The first night of the Stanley Cup playoffs gave Brendan Shanahan and the NHL two chances to suspend players for violent acts, and it should come as no surprise to anyone who closely follows the league that it opted to ban a lesser-known player while letting one of its stars walk away with a fine.

Shanahan, the NHL's senior vice president of player safety and hockey operations, has a seemingly thankless job that only draws attention when a possible suspension is in the offing. However, he deserves all the grief he gets this time around for letting Nashville defenseman Shea Weber get away with a $2,500 fine for a senseless act of aggression against Detroit star Henrik Zetterberg.

In the closing seconds of Nashville's 3-2 win over the Red Wings in Game 1 of the Western Conference quarterfinals on Wednesday, Weber became incensed with Zetterberg for taking a run at him in the corner. Weber threw a punch at the back of Zetterberg's head, but when that didn't connect squarely enough, the All-Star grabbed the Detroit forward by the helmet and smashed his head into the glass.

Shanahan called it a "reckless and reactionary play" on Weber's part and said that "this play and the fine that addressed it will be significant factors in assessing any incidents involving Shea Weber throughout the remainder of the playoffs."

As always, the NHL's discipline czar took into account the fact that Zetterberg was not injured on the play, but that really shouldn't matter in this case. What Weber did to Zetterberg had nothing at all to do with hockey and everything to do with injuring an opposing player. The fact that Zetterberg wasn't hurt and passed a base-line concussion test is fortunate, but it doesn't excuse the intent on Weber's part.

Weber has never been suspended by the league and does not have a reputation as a dirty player, but he was already fined earlier this season for a boarding incident. That previous fine already should have served as his warning, but Shanahan decided to give Weber another free pass.

The fact that the $2,500 fine is the maximum amount allowed under the NHL's Collective Bargaining Agreement should have told Shanahan that he needed to do more to send a message. After all, Weber, who was a Norris Trophy finalist in 2010-11 and is one of the top defensemen in the league, collected a $7.5 million salary this season. It's hard to believe Weber could have learned any kind of lesson after having such a small amount of his personal wealth taken away.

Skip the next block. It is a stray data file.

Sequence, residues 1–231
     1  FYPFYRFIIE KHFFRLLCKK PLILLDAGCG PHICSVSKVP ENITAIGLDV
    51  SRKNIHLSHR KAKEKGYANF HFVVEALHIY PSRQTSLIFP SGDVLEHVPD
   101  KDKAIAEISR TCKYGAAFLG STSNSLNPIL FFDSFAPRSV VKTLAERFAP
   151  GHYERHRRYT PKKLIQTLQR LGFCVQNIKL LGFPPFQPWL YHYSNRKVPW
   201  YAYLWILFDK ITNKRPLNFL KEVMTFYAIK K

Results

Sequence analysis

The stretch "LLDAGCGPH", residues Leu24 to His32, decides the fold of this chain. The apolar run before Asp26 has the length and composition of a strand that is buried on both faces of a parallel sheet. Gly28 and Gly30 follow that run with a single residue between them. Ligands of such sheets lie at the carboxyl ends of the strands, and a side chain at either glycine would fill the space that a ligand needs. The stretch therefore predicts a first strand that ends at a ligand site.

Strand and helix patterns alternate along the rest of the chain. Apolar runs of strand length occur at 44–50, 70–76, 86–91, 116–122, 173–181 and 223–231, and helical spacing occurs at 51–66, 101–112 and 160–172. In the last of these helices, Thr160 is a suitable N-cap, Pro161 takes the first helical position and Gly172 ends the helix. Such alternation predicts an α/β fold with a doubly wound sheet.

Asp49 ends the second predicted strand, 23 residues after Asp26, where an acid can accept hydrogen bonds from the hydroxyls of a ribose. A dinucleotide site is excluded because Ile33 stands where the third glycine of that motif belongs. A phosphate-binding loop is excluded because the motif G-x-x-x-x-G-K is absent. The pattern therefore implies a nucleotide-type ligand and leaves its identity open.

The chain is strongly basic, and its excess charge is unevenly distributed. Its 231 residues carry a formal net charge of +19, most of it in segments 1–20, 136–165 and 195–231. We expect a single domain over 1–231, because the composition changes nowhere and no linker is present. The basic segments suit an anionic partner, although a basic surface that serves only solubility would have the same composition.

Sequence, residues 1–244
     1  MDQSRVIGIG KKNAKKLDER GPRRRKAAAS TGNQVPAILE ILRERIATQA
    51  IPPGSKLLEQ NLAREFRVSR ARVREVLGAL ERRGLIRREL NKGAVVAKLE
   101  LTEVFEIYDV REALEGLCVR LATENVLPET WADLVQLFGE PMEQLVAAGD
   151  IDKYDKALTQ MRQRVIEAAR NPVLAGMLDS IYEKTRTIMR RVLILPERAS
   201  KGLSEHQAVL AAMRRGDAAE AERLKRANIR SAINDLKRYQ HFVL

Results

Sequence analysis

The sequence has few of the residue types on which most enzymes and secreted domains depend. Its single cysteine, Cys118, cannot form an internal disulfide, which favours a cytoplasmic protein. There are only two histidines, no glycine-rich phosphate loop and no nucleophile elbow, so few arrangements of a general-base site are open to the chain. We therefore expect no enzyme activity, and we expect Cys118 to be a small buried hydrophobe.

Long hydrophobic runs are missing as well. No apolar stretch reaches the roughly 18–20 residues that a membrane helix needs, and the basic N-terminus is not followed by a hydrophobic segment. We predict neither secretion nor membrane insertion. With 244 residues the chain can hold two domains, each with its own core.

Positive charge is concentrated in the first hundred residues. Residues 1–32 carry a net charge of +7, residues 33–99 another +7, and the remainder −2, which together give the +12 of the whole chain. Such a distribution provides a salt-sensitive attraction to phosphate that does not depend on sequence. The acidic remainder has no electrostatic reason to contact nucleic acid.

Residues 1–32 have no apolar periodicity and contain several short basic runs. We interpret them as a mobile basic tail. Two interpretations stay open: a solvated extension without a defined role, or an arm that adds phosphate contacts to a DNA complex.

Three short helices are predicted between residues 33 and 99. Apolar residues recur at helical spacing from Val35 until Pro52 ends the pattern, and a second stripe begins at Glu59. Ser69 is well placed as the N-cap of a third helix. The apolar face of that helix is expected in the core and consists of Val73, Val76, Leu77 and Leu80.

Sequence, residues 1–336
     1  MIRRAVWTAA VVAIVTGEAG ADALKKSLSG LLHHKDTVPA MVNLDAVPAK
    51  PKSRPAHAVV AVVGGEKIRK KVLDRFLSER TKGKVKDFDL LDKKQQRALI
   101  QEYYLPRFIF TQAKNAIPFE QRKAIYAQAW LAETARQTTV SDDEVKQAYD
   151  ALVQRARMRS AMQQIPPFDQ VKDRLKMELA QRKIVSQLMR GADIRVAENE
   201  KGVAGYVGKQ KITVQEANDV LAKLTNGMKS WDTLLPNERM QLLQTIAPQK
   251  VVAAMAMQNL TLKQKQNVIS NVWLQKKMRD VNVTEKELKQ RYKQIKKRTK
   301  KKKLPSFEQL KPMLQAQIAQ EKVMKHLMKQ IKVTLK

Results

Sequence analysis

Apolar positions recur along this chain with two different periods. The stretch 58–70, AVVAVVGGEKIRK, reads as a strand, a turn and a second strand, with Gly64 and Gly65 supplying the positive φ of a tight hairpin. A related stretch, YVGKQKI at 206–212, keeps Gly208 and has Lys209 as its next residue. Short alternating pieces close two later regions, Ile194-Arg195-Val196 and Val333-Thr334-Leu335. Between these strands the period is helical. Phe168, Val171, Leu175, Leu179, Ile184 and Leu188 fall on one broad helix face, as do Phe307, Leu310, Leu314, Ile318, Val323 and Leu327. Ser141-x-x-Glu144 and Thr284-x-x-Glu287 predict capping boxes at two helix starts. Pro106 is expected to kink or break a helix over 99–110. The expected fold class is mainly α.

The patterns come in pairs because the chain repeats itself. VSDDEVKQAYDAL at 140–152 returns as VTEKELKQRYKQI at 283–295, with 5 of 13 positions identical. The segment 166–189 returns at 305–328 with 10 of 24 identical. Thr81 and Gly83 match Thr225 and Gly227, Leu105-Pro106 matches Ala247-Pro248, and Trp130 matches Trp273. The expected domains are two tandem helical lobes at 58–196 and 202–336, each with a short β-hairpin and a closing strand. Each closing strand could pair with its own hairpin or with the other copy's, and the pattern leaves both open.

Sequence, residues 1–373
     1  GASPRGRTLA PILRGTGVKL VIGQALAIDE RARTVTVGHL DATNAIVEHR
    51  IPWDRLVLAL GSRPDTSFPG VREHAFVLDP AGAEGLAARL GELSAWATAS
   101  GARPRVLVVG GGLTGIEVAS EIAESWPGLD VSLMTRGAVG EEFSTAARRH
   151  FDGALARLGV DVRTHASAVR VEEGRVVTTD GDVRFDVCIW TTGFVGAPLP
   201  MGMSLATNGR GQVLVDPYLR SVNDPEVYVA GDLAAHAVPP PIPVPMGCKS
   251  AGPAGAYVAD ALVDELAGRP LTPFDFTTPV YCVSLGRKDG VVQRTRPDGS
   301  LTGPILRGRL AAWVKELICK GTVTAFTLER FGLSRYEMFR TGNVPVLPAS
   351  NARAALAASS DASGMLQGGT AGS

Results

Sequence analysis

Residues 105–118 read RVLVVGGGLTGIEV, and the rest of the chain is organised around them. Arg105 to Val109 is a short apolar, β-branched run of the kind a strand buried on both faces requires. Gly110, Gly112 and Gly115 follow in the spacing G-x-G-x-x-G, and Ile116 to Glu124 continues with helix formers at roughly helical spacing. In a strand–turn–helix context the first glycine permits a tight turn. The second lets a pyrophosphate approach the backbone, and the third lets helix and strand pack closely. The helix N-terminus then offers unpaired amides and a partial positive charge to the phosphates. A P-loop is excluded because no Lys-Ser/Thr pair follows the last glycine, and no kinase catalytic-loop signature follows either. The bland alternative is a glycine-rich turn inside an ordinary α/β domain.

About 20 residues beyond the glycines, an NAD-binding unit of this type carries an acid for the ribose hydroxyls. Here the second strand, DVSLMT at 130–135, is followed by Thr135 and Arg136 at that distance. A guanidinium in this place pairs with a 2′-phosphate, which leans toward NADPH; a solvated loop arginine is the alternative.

The sad thing is that all the NHL needed to do to send a strong message in this case was suspend Weber for one game, although the act itself probably warranted more than that.

Still, forcing one of the best players in the league to sit for even a single playoff game would set the tone for the rest of the postseason. Instead, the message sent is that star players can get away with more than the rest of the league, even when the violence being committed is against a star player like Zetterberg, who himself is a former Conn Smythe winner.

Another disciplinary situation, one that didn't involve a star player, wound up with Vancouver grinder Byron Bitz being suspended for two games. Bitz, who played in just 10 games for the Canucks during the regular season, boarded Kyle Clifford of Los Angeles after taking a long run at the Kings forward. The play happened in the second period of L.A.'s 4-2 win and Bitz was assessed a five-minute major for boarding as well as a game misconduct. Weber received only a two-minute roughing minor for his penalty, another oversight by NHL on- ice officials.

Clifford suffered an upper-body injury on the play and that's one of the reasons Bitz earned a stronger penalty than Weber. It was the right decision, considering Bitz's blind-side hit is one of the dangerous plays the league is trying to eliminate in its quest to reduce head injuries. However, it was also an easy choice to make since Bitz is not a key to Vancouver's success like Weber is for Nashville.

Most people realize that Shanahan's job is a difficult one, but he won't lessen his burden by taking the easy way out when it comes to disciplining star players.

Although he won't admit it, even Weber has to feel he got away with one for his mindless act of rage. He should know that he has no business playing in Friday night's Game 2, but, unfortunately, Shanahan's blunder will allow him to do just that.